"It's really important that President Biden use active shuttle diplomacy to get this done because my view is, we’ve got to have a good framework by the end of this month and then be able to convert that into legislation to get it passed by the mid-November period," Sen. Chris Van Hollen, D-Md., said in a telephone interview with NBC News this week.

"That shuttle diplomacy — it could be at the White House, having people in different rooms — whatever it takes, that needs to happen yesterday," he added.

And the New York Times is onto one of our big challenges – we still haven’t sold the package as a thematic whole, meaning we are touting the individual elements, which is a challenge to do, when clearly some of those elements are going to end up out of the final bill, as per the New York Times:

It remains unclear which sacrifices will have to be made, with lawmakers still at odds over the best strategy for paring down the plan, let alone how to structure specific programs. The most potent plan to replace coal and gas-fired plants with wind, nuclear and solar energy, for example, is likely to be dropped because of Mr. Manchin’s opposition, but White House and congressional staff are cobbling together alternatives to cut emissions that could be added to the plan….

Liberals remain insistent that the bill — initially conceived as a cradle-to-grave social safety net overhaul on par with the Great Society of the 1960s — include as many programs as possible, while more moderate lawmakers have called for large investments in just a few key initiatives.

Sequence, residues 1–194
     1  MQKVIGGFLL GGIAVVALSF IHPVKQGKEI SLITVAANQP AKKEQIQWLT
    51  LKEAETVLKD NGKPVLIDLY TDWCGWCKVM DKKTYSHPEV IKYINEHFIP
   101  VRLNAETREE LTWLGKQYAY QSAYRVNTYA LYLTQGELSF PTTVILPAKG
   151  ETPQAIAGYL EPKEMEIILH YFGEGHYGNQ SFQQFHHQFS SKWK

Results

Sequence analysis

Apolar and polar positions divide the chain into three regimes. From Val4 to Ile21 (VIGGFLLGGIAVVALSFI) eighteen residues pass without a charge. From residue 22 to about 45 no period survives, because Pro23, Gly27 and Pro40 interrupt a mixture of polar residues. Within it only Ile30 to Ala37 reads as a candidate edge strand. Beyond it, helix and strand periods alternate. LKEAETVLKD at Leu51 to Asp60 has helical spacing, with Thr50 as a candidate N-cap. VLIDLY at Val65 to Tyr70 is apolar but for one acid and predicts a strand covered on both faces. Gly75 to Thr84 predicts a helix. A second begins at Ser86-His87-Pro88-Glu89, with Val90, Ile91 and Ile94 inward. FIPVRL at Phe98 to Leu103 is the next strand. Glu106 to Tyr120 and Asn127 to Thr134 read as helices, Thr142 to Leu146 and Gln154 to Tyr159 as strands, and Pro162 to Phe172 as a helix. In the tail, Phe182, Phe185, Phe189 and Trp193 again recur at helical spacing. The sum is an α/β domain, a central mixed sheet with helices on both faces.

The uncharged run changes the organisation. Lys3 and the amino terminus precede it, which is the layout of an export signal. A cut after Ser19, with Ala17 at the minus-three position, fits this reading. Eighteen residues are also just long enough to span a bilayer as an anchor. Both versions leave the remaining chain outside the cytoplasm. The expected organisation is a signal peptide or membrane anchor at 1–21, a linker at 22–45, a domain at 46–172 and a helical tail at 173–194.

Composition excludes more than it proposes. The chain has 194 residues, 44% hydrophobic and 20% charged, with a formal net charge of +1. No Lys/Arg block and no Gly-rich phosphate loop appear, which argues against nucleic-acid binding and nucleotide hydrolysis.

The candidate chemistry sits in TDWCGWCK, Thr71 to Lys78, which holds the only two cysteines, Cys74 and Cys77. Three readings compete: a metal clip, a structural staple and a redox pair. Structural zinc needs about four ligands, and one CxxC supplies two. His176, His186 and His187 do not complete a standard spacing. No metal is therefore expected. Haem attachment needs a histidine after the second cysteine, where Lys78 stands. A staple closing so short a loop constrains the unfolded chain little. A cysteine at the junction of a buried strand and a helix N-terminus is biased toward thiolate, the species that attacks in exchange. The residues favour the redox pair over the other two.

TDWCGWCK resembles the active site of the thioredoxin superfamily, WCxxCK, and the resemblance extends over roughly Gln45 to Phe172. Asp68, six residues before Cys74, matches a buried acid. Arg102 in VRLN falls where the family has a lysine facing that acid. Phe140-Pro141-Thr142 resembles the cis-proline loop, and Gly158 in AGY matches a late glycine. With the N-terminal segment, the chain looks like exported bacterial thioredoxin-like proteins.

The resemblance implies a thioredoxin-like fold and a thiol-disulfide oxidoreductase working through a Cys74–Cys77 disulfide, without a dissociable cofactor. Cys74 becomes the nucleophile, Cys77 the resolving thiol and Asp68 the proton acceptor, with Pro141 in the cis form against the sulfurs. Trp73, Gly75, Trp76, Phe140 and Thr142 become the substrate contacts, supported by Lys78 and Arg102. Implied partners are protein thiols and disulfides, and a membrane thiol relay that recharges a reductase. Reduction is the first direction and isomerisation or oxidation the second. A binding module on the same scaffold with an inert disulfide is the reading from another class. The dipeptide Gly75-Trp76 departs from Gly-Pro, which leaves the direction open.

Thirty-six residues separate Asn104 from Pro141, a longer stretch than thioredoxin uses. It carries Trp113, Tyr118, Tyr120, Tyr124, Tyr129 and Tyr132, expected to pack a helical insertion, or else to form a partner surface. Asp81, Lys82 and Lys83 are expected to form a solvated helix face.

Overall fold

In the midst of the impasse, rank-and-file lawmakers have been left to return home to their constituents to try to promote a still-unfinished product that is shrouded in the mystery of private negotiations, all while explaining why a Democratic-controlled government has yet to deliver on promises they campaigned on.

And the left is still sort of thinking you need to deliver something closer to $3 trillion than $2 trillion – or your predecessor will become your successor, as per Michelle Goldberg:

But if progressives fail to come to an agreement with Manchin and Sinema and both infrastructure bills fail, the Biden presidency will likely fail as well. The stage will be set for an unleashed Donald Trump to retake power.

Unfortunately, as we have pushed and prodded to get the progressives down on a macro numbers – and to get Senators Manchin and Sinema up on a higher macro number — we still don’t have a deal there.  And as we try to draft legislation in the various health care, education, family care, and environmental buckets, we are finding a lot of areas in which I couldn’t even say if our bigger problem is the divisions within the progressive movement or the gaps between the moderates and the liberals.

As your grandmother always said, “Joey, I wouldn’t want to live off of the difference.”

In every policy bucket, theoretical cuts are causing trouble. Nancy’s attempts to clarify haven’t stopped every Hill Democrat in the bazaar from pushing a point of view – throw whole programs from the sled, means test them, or cut back the number of years we pay for.